Results Summary and Professional Abstract
Peer review of PCORI-funded research helps make sure the report presents complete, balanced, and useful information about the research. It also assesses how the project addressed PCORI’s Methodology Standards. During peer review, experts read a draft report of the research and provide comments about the report. These experts may include a scientist focused on the research topic, a specialist in research methods, a patient or caregiver, and a healthcare professional. These reviewers cannot have conflicts of interest with the study.
The peer reviewers point out where the draft report may need revision. For example, they may suggest ways to improve descriptions of the conduct of the study or to clarify the connection between results and conclusions. Sometimes, awardees revise their draft reports twice or more to address all of the reviewers’ comments.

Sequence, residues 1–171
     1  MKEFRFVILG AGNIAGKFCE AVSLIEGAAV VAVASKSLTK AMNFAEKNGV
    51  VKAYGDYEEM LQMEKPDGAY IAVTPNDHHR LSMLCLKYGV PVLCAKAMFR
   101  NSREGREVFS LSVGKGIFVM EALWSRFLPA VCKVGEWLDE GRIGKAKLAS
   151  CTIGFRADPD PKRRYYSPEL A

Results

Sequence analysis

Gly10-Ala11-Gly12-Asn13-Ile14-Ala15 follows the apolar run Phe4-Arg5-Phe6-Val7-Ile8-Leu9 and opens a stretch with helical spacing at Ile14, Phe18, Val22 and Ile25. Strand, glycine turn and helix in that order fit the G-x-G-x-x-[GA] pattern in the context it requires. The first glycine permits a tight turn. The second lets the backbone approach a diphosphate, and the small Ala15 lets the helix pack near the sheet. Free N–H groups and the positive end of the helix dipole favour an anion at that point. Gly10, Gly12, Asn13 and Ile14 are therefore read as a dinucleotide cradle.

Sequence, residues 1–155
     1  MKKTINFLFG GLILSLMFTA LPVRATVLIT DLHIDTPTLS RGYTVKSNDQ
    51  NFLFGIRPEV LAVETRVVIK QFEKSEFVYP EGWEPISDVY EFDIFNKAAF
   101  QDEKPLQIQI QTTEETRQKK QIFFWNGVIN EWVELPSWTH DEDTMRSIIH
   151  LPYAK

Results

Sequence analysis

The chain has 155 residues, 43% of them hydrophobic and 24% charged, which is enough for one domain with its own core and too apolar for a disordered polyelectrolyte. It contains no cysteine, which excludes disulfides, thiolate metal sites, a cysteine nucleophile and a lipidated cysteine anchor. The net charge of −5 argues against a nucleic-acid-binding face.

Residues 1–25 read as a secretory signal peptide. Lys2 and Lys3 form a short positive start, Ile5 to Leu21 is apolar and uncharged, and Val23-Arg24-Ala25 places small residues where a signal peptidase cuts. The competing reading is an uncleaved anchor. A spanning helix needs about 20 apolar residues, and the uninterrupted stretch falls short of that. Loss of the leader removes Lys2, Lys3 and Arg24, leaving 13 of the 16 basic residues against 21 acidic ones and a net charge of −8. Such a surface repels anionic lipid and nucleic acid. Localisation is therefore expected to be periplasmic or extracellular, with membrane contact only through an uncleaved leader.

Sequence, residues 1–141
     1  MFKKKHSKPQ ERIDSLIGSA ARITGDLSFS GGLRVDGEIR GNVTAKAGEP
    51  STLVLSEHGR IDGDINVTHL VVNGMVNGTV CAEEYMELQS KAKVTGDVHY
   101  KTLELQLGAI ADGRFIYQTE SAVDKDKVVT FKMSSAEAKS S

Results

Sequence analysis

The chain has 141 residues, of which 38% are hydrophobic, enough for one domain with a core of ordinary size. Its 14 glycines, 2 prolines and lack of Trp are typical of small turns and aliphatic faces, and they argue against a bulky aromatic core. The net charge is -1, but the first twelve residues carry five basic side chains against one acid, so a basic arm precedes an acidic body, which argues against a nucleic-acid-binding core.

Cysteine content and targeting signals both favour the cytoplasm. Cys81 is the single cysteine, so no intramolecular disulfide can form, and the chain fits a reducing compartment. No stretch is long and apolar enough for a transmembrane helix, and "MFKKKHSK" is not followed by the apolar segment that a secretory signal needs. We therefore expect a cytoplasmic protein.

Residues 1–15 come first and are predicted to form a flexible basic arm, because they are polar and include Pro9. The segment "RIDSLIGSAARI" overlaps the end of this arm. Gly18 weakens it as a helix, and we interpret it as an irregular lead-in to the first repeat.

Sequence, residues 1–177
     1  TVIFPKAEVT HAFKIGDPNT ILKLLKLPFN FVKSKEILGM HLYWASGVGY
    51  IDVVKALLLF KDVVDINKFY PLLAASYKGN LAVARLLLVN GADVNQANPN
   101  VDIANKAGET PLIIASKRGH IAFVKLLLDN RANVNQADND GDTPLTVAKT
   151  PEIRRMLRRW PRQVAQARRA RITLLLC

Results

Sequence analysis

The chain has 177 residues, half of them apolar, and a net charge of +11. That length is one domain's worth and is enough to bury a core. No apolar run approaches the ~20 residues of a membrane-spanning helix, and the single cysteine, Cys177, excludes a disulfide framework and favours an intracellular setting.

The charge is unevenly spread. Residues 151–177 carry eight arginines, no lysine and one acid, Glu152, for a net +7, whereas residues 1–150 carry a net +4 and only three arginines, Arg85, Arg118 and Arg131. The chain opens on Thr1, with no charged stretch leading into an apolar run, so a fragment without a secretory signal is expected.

Peer review identified the following strengths and limitations in the report:
- Reviewers commended the researchers on a methodologically sound study focused on improving statistical methods for confounder adjustment needed for causal inference models in patient-centered outcomes research. Many of the comments were requests for investigators to provide explanations of their highly-technical methods and results in language that would be understood by the general clinical researcher.
- Reviewers questioned the generalizability of the statistical approaches tested in this study, as simulation studies are often plagued with limited generalizability. The researchers acknowledged this problem, but responded that they used three different datasets for the simulations, which would improve the overall generalizability. One of the specific advantages of their simulation approach, the authors stated, was the preservation of the complex relationships among baseline covariates, which would not be possible in other simulation frameworks.
Conflict of Interest Disclosures
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